• It is also crucial to highlight that language unity, in many contexts, has collaborated along with the leadership of some actors to the fluid dialogue between different actors from the region. Seeing the professional bonds that have turned into personal in many cases, the dialogue and exchange of experiences and reflections is very fluid and doesn’t stop surprising actors from other latitudes. This exchange should be extended to other actors such as those living in the Caribbean. The dialogue between Latin American and Caribbean actors is not yet as fluid as some would think. Hence we need an additional effort to try to connect with these actors and empower the agenda in both regions, which is perceived by many as one only region.
  • This parity is possible due to the capacities that have been developed in the region and that allow the advancement of the agenda. This generation of capacities is a point that needs all the support –through the articulation of actors and resources– to keep on generating actors and initiatives within the region that can continue the advances of this agenda.

To close this blog post I would like to point out something that has generated a lot of discussion (very enriching, though) and numerous tweets: the “open washing” idea.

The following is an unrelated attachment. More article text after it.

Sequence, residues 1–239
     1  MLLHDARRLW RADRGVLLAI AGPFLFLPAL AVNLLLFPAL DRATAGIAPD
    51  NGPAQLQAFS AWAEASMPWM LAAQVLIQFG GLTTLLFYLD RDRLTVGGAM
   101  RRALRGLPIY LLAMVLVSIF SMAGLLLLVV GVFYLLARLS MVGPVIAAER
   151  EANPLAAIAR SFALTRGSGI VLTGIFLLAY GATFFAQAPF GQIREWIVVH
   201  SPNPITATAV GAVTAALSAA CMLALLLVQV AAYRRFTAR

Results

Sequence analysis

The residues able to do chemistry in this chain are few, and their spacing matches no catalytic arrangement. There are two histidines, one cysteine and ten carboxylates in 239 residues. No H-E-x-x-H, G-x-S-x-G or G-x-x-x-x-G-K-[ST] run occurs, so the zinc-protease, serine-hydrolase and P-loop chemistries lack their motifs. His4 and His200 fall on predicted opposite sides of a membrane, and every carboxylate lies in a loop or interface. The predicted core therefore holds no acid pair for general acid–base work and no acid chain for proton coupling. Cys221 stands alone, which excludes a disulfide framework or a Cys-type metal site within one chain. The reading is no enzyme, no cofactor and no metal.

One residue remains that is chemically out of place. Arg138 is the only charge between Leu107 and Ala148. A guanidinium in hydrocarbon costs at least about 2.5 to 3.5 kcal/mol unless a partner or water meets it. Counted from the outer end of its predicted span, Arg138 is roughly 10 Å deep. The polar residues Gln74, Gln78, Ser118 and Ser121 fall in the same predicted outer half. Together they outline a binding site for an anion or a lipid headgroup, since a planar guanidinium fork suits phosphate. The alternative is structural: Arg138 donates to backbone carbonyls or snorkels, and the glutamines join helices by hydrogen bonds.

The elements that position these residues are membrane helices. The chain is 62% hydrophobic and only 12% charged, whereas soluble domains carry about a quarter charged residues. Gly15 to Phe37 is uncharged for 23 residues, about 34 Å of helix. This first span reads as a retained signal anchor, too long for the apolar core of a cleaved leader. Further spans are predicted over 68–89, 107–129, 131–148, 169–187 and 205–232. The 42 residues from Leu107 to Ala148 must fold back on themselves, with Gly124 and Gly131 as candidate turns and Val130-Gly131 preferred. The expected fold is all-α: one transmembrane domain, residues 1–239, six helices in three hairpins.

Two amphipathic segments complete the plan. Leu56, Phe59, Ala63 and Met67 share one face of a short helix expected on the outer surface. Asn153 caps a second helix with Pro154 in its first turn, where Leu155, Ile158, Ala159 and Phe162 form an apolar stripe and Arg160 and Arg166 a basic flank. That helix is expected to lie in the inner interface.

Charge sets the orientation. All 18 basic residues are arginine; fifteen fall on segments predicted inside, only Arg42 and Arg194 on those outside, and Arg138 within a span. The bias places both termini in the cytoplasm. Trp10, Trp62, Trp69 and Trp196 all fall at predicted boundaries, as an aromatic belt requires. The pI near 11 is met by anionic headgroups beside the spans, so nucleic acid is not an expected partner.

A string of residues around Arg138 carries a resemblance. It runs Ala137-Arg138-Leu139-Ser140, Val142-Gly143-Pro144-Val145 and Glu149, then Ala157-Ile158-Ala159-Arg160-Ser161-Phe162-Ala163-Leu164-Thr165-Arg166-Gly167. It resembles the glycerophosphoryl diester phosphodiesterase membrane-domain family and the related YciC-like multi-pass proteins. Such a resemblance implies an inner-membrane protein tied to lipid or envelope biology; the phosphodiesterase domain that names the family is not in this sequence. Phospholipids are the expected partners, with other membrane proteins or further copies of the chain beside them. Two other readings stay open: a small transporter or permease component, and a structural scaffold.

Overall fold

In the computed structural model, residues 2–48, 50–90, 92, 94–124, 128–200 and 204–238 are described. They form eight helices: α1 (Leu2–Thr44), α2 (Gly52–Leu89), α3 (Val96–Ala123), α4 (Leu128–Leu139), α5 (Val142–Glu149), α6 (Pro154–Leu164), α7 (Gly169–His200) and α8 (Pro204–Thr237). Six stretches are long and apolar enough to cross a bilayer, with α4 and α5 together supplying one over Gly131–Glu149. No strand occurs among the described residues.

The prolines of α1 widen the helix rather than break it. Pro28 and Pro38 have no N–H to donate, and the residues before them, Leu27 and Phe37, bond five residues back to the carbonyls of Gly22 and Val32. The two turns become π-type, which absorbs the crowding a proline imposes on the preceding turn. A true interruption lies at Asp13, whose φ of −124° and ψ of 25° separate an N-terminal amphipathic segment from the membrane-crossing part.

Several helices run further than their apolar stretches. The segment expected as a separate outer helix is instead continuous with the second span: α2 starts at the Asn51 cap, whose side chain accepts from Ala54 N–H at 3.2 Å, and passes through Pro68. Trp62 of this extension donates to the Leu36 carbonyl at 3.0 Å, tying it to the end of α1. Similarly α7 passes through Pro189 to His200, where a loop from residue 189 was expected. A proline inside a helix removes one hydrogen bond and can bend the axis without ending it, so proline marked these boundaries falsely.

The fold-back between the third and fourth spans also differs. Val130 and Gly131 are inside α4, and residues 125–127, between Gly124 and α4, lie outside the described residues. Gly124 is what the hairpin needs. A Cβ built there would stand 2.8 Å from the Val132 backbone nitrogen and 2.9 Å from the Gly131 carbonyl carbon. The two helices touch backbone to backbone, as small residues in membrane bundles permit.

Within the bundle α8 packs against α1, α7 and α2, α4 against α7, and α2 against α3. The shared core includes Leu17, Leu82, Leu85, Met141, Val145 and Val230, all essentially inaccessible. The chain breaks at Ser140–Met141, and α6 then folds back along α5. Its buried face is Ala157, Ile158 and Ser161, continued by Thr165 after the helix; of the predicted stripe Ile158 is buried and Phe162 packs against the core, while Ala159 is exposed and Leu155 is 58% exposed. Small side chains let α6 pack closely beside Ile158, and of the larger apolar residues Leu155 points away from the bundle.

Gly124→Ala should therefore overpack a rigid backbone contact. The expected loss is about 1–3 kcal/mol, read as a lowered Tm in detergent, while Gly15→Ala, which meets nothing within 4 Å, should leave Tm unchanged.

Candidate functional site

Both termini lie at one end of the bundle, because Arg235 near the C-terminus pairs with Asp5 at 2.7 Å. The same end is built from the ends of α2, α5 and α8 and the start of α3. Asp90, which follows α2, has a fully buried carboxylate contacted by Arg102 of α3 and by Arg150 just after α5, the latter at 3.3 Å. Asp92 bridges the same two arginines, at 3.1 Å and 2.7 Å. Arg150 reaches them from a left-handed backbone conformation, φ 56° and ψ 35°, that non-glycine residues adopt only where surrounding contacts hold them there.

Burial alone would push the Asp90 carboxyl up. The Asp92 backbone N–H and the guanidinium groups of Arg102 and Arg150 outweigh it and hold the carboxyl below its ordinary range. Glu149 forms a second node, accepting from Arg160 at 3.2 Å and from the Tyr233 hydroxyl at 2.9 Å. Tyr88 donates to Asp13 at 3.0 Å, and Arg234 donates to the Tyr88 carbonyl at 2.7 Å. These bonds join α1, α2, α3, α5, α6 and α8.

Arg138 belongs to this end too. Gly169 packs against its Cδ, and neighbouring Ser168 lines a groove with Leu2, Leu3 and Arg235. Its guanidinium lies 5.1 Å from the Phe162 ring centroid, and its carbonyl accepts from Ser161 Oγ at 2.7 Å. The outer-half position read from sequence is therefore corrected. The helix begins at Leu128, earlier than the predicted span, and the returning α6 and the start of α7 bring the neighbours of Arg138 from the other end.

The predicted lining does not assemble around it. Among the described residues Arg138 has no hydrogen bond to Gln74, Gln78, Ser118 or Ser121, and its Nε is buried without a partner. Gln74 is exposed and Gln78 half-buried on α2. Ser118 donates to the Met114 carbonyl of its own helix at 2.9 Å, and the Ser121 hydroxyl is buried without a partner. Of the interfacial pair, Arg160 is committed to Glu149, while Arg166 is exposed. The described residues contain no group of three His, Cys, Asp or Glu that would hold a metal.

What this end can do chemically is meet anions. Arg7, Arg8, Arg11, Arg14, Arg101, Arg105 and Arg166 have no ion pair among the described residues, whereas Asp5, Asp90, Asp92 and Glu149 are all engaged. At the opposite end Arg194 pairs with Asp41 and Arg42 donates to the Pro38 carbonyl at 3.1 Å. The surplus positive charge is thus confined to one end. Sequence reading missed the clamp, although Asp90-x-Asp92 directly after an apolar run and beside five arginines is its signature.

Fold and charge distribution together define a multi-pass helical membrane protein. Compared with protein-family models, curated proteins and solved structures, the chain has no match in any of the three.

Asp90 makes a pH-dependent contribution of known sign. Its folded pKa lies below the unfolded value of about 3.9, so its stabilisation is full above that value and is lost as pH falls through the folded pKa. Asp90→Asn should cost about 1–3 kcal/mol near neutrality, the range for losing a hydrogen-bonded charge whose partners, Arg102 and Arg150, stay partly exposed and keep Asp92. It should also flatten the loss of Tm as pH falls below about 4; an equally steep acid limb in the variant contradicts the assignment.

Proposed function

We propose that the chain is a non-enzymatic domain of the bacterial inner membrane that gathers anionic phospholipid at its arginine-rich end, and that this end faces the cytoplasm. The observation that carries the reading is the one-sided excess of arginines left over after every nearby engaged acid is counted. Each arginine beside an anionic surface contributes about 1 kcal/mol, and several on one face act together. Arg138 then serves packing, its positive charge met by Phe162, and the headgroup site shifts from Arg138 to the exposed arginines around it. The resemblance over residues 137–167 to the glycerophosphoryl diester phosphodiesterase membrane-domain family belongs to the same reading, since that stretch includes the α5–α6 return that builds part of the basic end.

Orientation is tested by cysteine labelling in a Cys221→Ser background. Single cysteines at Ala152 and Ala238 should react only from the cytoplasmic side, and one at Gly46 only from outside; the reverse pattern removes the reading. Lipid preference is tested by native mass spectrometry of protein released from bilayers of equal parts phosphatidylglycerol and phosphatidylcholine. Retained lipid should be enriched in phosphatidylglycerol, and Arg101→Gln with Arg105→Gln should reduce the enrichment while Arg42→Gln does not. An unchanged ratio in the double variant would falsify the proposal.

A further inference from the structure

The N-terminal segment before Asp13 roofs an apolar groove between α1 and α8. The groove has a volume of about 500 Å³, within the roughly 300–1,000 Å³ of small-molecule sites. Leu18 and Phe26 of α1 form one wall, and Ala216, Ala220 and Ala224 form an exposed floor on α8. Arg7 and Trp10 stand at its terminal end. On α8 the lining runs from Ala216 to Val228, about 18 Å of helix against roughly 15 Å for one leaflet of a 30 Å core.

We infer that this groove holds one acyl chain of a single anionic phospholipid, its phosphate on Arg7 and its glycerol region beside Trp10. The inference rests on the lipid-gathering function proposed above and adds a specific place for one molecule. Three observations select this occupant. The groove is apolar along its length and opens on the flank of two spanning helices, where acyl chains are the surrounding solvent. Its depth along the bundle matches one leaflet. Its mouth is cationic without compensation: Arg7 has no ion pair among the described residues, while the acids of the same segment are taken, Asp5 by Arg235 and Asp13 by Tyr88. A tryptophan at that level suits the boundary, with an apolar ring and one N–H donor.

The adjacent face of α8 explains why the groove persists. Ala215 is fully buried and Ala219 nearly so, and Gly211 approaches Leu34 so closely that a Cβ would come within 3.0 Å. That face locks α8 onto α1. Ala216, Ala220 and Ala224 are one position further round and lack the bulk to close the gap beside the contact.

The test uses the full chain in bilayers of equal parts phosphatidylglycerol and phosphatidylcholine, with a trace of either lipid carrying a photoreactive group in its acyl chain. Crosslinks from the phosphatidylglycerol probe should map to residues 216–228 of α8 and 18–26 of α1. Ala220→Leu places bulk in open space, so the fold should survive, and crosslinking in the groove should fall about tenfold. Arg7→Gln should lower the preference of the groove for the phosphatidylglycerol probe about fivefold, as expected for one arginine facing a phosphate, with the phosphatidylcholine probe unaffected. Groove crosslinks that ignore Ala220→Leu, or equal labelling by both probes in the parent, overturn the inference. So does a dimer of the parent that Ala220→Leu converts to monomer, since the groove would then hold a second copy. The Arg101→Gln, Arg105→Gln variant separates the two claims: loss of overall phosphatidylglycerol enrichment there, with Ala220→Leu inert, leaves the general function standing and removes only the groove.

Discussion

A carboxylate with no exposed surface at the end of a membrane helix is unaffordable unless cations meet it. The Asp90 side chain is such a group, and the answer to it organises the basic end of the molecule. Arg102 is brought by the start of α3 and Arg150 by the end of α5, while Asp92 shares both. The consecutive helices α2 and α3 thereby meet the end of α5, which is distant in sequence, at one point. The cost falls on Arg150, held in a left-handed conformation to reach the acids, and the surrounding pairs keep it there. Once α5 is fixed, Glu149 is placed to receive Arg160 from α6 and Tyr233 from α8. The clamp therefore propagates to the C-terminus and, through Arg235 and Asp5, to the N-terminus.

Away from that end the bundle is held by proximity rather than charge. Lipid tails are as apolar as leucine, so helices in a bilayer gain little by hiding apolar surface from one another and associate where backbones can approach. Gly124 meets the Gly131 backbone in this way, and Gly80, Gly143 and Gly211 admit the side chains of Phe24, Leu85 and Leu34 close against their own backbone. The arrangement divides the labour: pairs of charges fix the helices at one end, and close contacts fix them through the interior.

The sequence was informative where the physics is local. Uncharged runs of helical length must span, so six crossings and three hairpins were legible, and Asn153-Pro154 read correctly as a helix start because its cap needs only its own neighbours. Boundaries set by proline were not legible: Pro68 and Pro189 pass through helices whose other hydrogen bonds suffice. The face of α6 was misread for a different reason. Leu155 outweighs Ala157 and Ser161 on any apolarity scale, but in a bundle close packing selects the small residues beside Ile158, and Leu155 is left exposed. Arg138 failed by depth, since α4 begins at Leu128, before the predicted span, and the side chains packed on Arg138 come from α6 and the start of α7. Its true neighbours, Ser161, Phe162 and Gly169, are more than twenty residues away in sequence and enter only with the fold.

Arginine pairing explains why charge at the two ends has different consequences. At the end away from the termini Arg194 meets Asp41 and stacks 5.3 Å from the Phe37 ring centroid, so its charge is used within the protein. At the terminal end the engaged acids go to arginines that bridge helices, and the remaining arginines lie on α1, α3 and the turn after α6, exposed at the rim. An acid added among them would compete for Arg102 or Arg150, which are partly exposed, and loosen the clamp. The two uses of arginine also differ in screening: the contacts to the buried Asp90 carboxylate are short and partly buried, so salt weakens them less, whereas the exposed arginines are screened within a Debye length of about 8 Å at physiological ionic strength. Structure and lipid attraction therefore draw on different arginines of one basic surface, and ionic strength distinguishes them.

Even though this point should have its own post (we’ll see if time and those pending articles permit), it is worth mentioning that the regional and global open data communities have started to lose innocence –which has taken us at times to an incommensurate enthusiasm and optimism– in order to start questioning some policies and initiatives that, sometimes, seemed more focused on improving the image of certain actors that on achieving an actual opening of a sector or government. This looked like a sign of maturity from many of the involved actors in the promotion of the agenda and this should be celebrated. From now on we still need to see how the agenda will develop in Latin America and the rest of the world and how, all together, we can get to minimize the negative consequences of this “open washing” in the cases where it is identified. At a personal level, I applaud this advance.